5 Handmade Gifts for the Outdoorsy Person in Your Life (Who Has Everything)

We all know how tough it can be to find the right gifts during the Holiday season.   The following items are unique, hand-made, and examples of the finest craftsmanship.  Even that person who seems to have everything probably doesn’t have these.

Wetterlings Les Stroud Bushman Axe
When famous survival and bushcraft expert Les “Survivorman” Stroud spent a year living off the grid with his wife in the Canadian wilderness, he and his wife Sue built a log cabin using traditional Scandinavian woodworking techniques, and a Wetterlings axe.  Almost twenty years later, Wetterlings invited him to help them design a new bushcraft-oriented axe, and as of 12/11/2012, these axes are now available in the USA!  Now your friend can go off into the woods with just an axe and a video camera and photograph their thirst, hunger, and extended suffering, just like Les!  Ok, it’s Type II Fun, but still!

Hand-forged on 100-year dies, made out of a high carbon Swedish steel from Ovako, the 1.7 pound axehead is differentially hardened.  The back of the axehead is soft (around 45 HRC), but the blade is hardened by hand-quenching the knives to around 57-58 HRC, as hard as many high-end kitchen knives.  The handle is made from 22 inches of American Hickory, and is straighter than traditional Swedish axes and rounded so it can be used as a hammer more comfortably.  It’s notched as well, for fine carpentry and bushcraft work where your hand needs to be next to the blade.   You can sharpen it to the point where you can shave with it, but I don’t suggest this.  Retails around $150.


Helle Nying Knife
Helle is a third-generation family-owned company that makes hand-crafted Norwegian style knives, and they’ve been around for over 80 years.  The one gentleman who makes all the sheaths for them has been with the company for over 50 years.   Now that’s dedication!  The story of this scrappy little knife is pretty cool.  In 1975, industrial designer and school teacher Tor Indergaard approached the Helle brothers with the design for this knife.  At the time, everyone hated the design, as it was a radical departure from traditional designs with longer handles and blades, but the Helle brothers saw the simple utility of the knife and knew it had to be made, although it wasn’t officially the Nying until 1977.   The knife turned out to be a wild success, with amazing utility from skinning reindeer to whittling wood.  It was so much of a success that almost 1 in 4 Norwegians owns one of these, it’s featured in the National Museum of Norway, and was given to Norwegian UN troops.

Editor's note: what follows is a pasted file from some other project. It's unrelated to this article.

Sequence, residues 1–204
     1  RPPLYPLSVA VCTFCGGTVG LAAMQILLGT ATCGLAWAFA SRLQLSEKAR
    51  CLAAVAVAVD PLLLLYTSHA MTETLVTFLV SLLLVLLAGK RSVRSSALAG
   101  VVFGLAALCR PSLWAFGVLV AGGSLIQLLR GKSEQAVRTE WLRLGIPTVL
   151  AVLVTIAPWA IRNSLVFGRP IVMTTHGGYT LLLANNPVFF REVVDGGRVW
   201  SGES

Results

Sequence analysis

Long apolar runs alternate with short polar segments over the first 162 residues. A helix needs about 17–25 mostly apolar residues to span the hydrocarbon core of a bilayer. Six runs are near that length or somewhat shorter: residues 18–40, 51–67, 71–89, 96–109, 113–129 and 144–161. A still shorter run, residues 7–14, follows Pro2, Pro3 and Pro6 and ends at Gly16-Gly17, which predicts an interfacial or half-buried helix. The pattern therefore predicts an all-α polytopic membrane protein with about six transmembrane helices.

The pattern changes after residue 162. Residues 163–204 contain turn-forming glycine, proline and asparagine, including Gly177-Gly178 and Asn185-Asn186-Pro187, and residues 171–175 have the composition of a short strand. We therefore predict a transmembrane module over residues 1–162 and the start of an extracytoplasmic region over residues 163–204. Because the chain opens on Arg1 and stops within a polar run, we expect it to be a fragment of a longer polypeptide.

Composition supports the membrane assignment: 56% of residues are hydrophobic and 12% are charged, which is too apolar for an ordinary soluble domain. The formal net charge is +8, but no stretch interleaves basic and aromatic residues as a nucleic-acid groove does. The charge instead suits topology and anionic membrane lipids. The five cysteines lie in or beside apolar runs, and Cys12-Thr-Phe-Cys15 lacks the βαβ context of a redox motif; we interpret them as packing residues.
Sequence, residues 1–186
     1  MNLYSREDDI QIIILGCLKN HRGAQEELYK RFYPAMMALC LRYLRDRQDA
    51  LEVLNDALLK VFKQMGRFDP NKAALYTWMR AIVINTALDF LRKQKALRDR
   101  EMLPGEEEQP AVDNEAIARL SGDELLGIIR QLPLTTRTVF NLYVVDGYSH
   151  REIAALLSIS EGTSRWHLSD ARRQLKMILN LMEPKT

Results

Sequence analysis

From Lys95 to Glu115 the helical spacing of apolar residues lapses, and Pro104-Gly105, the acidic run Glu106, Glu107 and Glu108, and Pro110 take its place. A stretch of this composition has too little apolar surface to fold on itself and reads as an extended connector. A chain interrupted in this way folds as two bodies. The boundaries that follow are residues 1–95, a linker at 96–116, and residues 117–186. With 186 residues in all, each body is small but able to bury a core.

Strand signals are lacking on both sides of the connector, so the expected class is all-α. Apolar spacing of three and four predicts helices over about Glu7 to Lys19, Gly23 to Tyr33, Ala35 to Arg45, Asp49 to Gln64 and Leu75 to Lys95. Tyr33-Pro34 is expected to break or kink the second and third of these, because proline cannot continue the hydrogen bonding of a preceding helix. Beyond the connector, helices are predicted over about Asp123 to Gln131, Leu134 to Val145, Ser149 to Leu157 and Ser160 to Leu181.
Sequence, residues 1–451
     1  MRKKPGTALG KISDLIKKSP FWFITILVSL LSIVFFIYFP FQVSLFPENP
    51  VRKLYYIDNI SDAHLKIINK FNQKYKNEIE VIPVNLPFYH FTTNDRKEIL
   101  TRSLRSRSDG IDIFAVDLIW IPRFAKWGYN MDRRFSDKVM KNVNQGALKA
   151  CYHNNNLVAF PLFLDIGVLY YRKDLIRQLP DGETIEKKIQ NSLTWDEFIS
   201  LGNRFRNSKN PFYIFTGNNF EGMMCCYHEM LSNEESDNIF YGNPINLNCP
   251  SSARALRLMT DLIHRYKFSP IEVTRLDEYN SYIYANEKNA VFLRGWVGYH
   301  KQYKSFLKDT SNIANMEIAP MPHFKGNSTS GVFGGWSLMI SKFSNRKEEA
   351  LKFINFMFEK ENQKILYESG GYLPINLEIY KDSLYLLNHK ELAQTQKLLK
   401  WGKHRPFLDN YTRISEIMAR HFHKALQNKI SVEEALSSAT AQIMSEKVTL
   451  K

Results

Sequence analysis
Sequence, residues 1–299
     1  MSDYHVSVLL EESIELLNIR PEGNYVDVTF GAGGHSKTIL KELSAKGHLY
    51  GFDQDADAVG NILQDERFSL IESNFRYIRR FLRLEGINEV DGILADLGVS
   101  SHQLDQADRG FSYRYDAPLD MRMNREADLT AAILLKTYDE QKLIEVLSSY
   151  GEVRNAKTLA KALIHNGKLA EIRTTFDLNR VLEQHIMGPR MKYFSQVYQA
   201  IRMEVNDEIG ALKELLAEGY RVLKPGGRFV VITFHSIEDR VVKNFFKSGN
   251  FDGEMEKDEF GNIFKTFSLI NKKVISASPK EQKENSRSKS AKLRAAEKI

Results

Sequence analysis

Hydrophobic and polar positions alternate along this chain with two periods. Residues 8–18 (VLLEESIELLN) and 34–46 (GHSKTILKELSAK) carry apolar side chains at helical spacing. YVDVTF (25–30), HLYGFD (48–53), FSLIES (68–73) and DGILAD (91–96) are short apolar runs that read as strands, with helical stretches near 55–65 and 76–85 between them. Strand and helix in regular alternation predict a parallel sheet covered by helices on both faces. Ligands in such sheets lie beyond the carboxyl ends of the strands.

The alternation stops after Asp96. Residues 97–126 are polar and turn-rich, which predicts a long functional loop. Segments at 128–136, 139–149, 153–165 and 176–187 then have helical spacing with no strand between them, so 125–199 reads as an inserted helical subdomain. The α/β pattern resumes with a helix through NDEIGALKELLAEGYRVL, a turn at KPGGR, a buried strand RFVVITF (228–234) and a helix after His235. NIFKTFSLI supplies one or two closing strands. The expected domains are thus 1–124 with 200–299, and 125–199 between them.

The handle is made out of local birch, and the blade is made from proprietary “Hellesteel”, a laminated steel with rugged, flexible stainless on the outside and a core of high-carbon stainless hardened to 59 HRC.  It is mirror polished and razor-sharp from the factory, and will stay sharp for a long time due to the traditional scandi-grind edge bevel.  That’s all fancy talk for it cuts like a laserbeam.  Each knife has a hand-made sheath.  Since every handle looks different, every one is unique.  Retails for $94.

Feathered Friends Down Booties
Based in Seattle, Washington, just a stone’s throw from the flagship REI store lies the headquarters of Feathered Friends.  Those among the cognoscenti of outdoor enthusiasts already know that they have been the finest manufacturer of down-insulated products in the world for the past 40 years.   I would literally fight off a pack of meth-addled crocodiles with lasers strapped to them to save my 11-year old Feathered Friends parka, but that’s mostly because it would make a really great story.